Technology Dyson to manufacture 15,000 ventilators following UK call for help

22:25  27 march  2020
22:25  27 march  2020 Source:   engadget.com

Freeman Dyson, famed physicist and creative force, dies at 96

  Freeman Dyson, famed physicist and creative force, dies at 96 The UK scientist tackled quantum physics and nuclear politics and came up with the idea of Dyson spheres that span an entire solar system.Physicist Freeman Dyson

Many companies have offered to build much-needed ventilators during the COVID-19 pandemic crisis, notably GM, Ford and Tesla. However, Dyson has now stepped up to the plate and the UK company known for vacuum cleaners and fans might have an edge over other non-ventilator makers. It developed the "CoVent" device in just ten days using Dyson's current digital motor technology, according to CNN, and has already received an order for 10,000 units from the UK's National Health Service (NHS).

a close up of a computer

In a letter to employees seen by Fast Company, founder James Dyson said the CoVent "can be manufactured quickly, efficiently and at volume," noting that it's "designed to address the specific clinical needs of COVID-19 patients." He also promised to donate 5,000 ventilators to the "international effort," including 1,000 for the UK.

Tesla Joins GM in ‘Patriotic’ Offer to Make Ventilators

  Tesla Joins GM in ‘Patriotic’ Offer to Make Ventilators Tesla Inc. joined General Motors Co. in offering to manufacture hospital ventilators in auto factories shuttered by the coronavirus outbreak, an effort that would echo Detroit’s contribution to Allied powers during World War II. © Bloomberg Mary Barra Responding to Pakistan’s Science and Technology Minister Fawad Chaudhry and a tweet from a Tesla customer, Chief Executive Officer Elon Musk said the company would make ventilators if there is a shortage. GM CEO Mary Barra also floated the idea, top White House economic adviser Larry Kudlow told reporters Wednesday.

The ventilator can be mounted on a bed, run on batteries or wall power and doesn't require a fixed air supply, according to Med-Tech News. It's also efficient in conserving oxygen and has a user interface designed specifically for healthcare providers.

Many patients with COVID-19 develop severe respiratory symptoms and can't breathe on their own, so a ventilator is essential for treatment. In countries hit hard by the pandemic like Italy and Spain, hospitals don't have enough for every critically-ill patient. With coronavirus victims flooding hospitals, that has forced doctors to essentially decide who gets to live or die.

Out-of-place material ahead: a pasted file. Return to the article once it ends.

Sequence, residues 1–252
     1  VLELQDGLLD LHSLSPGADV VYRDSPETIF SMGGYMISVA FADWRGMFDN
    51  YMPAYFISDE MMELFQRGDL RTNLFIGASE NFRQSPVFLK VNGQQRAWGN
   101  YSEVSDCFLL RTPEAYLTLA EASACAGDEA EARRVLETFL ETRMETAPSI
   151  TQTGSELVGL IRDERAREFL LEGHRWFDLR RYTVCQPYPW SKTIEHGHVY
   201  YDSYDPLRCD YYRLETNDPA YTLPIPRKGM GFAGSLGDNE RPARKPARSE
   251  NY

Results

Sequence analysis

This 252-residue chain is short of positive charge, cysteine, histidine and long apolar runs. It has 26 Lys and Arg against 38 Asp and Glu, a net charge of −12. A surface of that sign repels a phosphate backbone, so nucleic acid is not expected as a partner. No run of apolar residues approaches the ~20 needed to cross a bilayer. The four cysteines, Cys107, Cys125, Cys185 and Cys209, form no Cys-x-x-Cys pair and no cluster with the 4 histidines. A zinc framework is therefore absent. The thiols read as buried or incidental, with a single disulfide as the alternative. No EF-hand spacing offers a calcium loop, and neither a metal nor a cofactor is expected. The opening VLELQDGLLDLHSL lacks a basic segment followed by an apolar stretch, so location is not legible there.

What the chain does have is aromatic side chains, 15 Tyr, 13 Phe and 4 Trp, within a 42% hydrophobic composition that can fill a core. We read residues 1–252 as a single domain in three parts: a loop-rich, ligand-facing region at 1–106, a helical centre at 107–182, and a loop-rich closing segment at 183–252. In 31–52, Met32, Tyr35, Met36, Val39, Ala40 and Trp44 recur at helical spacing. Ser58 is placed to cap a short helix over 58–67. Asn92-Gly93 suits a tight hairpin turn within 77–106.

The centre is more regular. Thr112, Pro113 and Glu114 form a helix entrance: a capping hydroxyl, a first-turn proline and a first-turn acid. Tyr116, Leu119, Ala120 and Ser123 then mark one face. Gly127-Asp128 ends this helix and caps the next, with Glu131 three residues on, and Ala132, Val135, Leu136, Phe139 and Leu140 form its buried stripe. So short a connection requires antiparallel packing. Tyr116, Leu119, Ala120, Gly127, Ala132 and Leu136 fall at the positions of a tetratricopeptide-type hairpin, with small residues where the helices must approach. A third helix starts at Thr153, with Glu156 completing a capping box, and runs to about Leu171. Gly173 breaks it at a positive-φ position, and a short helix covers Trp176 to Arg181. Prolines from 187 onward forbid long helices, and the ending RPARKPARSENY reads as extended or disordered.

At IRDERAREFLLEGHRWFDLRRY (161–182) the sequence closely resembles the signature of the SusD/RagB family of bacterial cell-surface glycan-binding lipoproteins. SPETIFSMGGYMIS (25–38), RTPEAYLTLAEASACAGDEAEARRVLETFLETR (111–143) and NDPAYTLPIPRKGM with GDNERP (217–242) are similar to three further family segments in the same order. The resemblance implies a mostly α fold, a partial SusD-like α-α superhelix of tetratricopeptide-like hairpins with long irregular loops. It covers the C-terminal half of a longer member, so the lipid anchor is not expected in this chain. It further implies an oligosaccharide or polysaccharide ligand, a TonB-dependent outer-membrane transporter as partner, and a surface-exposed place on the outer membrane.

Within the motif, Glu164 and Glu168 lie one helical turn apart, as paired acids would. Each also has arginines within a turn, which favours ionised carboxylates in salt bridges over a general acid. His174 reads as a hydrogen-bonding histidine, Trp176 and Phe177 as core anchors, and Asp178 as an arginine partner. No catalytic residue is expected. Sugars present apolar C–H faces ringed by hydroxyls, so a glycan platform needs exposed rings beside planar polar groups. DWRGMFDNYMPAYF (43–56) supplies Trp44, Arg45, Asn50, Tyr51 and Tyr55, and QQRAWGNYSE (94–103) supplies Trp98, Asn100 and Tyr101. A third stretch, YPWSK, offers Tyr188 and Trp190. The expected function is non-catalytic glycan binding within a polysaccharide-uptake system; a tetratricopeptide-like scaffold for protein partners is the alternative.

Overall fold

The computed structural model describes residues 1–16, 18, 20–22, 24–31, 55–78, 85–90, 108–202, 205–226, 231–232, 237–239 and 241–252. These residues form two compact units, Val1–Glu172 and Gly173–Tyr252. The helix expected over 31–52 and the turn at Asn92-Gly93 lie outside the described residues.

The UK government has been criticized for its slow and disorganized response to the coronavirus crisis compared to other European nations. Prime Minister Boris Johnson, who just confirmed that he now has COVID-19, personally contacted James Dyson to ask for help with the ventilators. Existing ventilator makers criticized that move, with one company saying that "the government should have given funding to existing ventilator manufacturers, and existing companies like us."

The device still needs to be approved by UK regulators, though Dyson has pledged to help get it through as quickly as possible. On the manufacturing side, a company spokesperson told CNN that the ventilators would be ready to go by early April. "The race is now on to get it into production," Dyson said.

Med-Tech News

FDA clears Formlabs' 3D-printed BiPAP-to-ventilator converter .
In the race to provide the ventilators needed to treat COVID-19, several companies have developed new devices. But there may be a simpler approach. Formlabs has received an emergency use authorization (EUA) from the FDA to 3D-print small adapters that can turn existing sleep apnea machines into ventilators. Formlabs is now shipping the adapters throughout the US and hospitals can print their own. The small, plastic T-shaped adapters were developed by Northwell Health, New York's largest healthcare provider. They were used to provide life-saving care to COVID-19 patients in New York City.

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